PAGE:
[LibX] Questions about libx

Godmar Back godmar at gmail.com
Fri Apr 28 10:08:54 EDT 2006

[ this email is more on the "how should LibX be built/deployed" issue.
If you're subscribed to LibX because you're maintaining an edition,
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I'd like to reemphasize the importance of the point I'm making below
(even before you get a chance to reply ;-): that it is of tremendous
value to the user that they download a .xpi file that was tested as is
in its entirety.

By contrary example, one of our team member recently taught a class on
Firefox, and tried to include some Greasemonkey scripts to show off
GM. We went to userscripts.org and looked for some cool scripts. The
vast majority of scripts on that site did not work, or we couldn't
figure out how to make them work (before you suspect incompetence, I
have written and occasionally write GM scripts myself for various
ad-hoc tasks, so I'm reasonably familiar with it. I gave up after 2, 3
minutes for each script.)

Such a degree of robustness would be unacceptable to many librarians -
they definitely did not want to put their name (or logo) on such a
piece of software.

As far as your criticism of libx's internal goes, it is fully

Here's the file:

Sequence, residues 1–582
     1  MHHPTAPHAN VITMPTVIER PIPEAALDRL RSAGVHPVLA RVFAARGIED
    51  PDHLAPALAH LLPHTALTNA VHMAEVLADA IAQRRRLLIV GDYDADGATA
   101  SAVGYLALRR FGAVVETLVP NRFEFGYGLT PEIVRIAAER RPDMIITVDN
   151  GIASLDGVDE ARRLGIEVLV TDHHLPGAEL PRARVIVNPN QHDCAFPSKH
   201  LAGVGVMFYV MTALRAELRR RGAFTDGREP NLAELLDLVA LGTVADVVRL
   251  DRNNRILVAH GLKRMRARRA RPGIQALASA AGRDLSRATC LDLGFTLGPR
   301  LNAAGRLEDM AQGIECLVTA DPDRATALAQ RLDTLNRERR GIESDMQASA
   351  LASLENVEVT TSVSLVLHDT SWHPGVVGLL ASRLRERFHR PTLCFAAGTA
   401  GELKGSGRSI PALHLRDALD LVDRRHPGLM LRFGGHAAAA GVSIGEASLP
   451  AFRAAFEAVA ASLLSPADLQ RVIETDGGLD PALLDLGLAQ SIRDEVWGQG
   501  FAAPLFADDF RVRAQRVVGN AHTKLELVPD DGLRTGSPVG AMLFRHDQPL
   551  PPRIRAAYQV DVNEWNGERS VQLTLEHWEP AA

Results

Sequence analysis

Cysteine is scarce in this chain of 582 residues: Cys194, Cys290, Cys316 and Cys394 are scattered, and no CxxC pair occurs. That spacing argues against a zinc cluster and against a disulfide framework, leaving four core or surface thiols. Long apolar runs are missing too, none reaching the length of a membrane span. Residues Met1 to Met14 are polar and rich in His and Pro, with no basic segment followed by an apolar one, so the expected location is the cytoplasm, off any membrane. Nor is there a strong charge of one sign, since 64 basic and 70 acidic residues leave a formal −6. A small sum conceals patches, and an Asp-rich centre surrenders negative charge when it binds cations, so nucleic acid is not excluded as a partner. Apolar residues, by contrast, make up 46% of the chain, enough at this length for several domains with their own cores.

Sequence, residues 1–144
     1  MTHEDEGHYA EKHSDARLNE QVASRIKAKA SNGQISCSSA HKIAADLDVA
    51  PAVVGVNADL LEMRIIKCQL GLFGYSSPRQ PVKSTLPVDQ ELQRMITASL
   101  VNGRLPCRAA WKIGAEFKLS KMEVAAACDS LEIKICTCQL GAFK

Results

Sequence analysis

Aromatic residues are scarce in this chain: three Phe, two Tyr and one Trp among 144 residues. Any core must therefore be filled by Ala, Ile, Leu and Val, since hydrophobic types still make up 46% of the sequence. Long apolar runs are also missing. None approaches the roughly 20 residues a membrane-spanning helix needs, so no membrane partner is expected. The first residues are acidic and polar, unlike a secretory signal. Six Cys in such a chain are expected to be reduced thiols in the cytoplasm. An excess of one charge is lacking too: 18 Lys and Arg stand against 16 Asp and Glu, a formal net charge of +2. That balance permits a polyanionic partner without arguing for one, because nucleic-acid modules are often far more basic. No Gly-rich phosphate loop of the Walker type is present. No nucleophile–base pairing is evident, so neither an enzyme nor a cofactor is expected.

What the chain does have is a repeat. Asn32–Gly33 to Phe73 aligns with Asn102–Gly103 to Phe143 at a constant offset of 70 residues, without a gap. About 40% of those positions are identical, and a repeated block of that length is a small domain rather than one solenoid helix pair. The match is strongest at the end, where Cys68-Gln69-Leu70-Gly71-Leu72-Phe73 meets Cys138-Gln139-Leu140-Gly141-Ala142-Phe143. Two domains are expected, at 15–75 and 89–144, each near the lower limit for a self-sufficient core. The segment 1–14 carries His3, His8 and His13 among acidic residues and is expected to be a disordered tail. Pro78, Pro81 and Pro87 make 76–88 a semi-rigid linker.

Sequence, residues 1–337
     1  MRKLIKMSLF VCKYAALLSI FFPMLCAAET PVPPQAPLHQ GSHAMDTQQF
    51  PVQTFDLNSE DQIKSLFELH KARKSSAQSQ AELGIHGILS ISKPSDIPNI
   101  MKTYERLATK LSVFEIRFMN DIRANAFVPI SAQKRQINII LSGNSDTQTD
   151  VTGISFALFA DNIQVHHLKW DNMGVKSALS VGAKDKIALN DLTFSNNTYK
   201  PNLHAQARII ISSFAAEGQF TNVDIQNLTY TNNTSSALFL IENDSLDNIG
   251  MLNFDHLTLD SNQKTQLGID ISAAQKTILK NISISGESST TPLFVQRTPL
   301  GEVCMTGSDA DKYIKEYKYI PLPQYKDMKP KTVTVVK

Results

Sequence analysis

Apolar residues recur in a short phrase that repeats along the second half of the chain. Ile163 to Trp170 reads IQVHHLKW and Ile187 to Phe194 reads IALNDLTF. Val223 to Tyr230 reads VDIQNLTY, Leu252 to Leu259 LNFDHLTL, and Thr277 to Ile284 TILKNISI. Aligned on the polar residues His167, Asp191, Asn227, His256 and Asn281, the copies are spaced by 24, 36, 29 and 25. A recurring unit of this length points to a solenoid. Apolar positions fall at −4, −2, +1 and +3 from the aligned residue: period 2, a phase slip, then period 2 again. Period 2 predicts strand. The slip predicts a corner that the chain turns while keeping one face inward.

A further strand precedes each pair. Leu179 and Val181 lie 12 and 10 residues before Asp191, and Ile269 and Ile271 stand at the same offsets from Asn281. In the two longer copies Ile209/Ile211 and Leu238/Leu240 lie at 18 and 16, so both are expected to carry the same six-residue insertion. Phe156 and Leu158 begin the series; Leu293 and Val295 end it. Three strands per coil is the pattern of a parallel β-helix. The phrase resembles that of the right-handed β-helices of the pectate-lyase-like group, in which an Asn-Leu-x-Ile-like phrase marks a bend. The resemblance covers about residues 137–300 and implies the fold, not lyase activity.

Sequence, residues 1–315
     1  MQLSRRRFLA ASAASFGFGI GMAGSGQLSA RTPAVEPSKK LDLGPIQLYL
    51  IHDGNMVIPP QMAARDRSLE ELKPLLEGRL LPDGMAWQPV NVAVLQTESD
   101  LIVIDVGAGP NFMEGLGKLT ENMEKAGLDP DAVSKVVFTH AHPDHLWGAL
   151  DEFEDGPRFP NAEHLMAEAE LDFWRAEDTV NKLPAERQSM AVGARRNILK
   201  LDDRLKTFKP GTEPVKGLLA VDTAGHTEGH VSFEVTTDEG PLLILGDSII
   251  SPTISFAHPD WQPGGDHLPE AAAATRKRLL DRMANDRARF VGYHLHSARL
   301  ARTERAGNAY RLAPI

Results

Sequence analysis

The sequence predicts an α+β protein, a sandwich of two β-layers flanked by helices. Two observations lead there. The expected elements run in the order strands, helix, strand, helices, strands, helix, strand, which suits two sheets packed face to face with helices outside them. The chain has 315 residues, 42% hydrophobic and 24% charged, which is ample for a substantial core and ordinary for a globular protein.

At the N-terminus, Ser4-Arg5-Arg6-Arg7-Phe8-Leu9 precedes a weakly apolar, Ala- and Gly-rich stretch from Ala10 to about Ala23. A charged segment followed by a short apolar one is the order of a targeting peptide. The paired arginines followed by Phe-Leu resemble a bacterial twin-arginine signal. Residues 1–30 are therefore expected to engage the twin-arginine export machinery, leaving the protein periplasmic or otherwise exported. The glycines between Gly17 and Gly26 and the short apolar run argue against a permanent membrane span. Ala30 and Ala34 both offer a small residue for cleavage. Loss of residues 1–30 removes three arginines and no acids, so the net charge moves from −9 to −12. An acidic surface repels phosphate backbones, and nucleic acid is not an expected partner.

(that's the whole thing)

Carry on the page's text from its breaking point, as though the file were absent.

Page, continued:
accepted. We have some cool stuff we'll include in the current code
base, but I can see a complete namespace etc. cleanup in the near 
future unless someone beats us to it.

 - Godmar

On 4/28/06, Godmar Back <godmar at gmail.com> wrote:
> Also, we'd like libraries to test their edition and give the user a
> reasonable degree of assurance that what they're running was vetted by
> someone who knows how the library catalog should behave. As an
> example, you may wish to download a test edition, say MIT's:
> http://libx.org/libx/src/editions/libxtestedition.php?edition=mit and
> go through the check list (or at least some of it) shown on that page.
> True, this could be accomplished by having a checkmark next to a
> configuration, however, this would be fragile in the face of other
> code changes. In the current approach the edition is complete, tested
> snapshot of all of LibX's code.
> This would not be the case if new configurations could be loaded into
> an existing installation, because new configurations are not tested
> with the code base a user may have installed.

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